2012
23.03

Andy was on BBC 5Live today. It’s available to Listen Again for 7 days.

Go here to Listen to the show Andy’s item – on satelite phone from Afghanistan – starts at 2h.21m

2012
24.01

In a recent chat with Australia’s PC & Tech Authority, Andy McNab talked about tech in the S.A.S., Battlefield 3, and his own collection of cool toys.

PCA: There’s a lot of tech in the SAS regiment

AM: Everyone’s got a laptop and a smartphone. They all want Powermonkeys because their batteries keep dying. You can easily rig an iPhone up to the internal communications system of a Warrior tank.

PCA: But you can never completely rely on tech

AM: In the military, you have to know what to do when your kit goes down. The Special Forces are often beyond the FEBA (Forward Edge of the Battle Area), so there’s nobody to help if your sat-nav stops working. You need to be able to read a map or use astronavigation.

PCA: Modern military tech is astonishing

AM: An unmanned aerial vehicle can show you what’s on the ground in a 10-metre square. It might take off in Afghanistan and then get handed over to the control centre in Nevada. Those guys will then fly the mission before handing it back to the team on the ground.

PCA: The sound in Battlefield 3 is incredible

AM: The guys at DICE had a huge catalogue of gunshots that they’d recorded. I’d listen to them and combine different bits to make sure it sounded right for the in-game environment. I also had to ensure the dialogue was accurate, the environments were correct and the characters handled their weapons properly.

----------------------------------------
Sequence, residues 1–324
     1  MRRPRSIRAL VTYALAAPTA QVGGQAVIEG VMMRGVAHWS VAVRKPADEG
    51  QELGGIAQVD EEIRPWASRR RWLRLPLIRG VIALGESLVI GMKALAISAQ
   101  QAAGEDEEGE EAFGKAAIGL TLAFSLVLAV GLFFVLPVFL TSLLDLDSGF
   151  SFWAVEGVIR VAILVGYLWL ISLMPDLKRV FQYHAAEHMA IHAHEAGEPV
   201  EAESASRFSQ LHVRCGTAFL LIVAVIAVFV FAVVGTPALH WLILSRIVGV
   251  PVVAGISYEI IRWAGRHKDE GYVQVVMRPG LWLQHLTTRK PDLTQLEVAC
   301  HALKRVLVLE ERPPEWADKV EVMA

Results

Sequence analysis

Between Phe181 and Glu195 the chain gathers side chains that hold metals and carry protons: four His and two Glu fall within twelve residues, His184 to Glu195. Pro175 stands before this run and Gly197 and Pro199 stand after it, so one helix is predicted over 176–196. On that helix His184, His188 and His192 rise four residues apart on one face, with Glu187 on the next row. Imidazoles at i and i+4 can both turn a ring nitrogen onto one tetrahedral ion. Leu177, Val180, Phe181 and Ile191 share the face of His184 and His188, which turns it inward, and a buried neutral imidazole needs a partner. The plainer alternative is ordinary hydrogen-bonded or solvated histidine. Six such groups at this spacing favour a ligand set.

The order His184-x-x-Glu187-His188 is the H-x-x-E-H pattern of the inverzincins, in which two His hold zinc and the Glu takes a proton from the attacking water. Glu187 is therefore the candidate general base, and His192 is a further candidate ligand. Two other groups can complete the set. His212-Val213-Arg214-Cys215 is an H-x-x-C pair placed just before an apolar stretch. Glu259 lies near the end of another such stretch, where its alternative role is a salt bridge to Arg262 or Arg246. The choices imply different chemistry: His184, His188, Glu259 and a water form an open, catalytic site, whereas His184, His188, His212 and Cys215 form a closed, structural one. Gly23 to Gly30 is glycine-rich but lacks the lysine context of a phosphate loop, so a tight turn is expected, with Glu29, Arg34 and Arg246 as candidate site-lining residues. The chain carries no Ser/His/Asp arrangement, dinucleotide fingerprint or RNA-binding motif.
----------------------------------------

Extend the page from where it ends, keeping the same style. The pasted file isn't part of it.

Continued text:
PCA: He’s also into surfing, boarding and biking

AM: I’m starting to sound like a cliché now, aren’t I? I’ve got a six-foot, three-fin surfboard, a Burton snowboard and a BMW GS1200 bike. I’ve even got a Bluetooth helmet for phone calls on a ride.

McNab may be getting a little more grey, but he’s definitely staying up-to-date! Check out more great articles at pcauthority.com.au.

2011
01.10

Between the Lines – Transworld Publisher’s Blog
Posted by Lynsey on September 22, 2011

Transworld Books called out to readers and fans of Andy McNab on twitter to send in some questions for the SAS hero to answer. Andy McNab is currently touring the UK to promote his new book Dead Centre, published 15th September in hardback. Andy took time out between events to answer your questions.

1. Where do you do most of your writing?
Wherever I can get it done. Planes and trains are best, peace and quiet!

2. When was the last time you were in a war zone?
March this year, in Mogadishu.

3. Can we hope for another War Torn book?
Yes definitely, hopefully next year!

4. Who is the man on the covers of your books?!
The original one was George Clooney’s body double!

5. Why did you choose “Andy McNab” as your pseudonym?
It was short and sharp and there was symmetry on the two words. And it looks good on the covers! It was only for one book originally!

6. Where, apart from Iraq, was the coldest, wettest and hungriest you have been?
Norway on the yearly NATO northern flank exercises.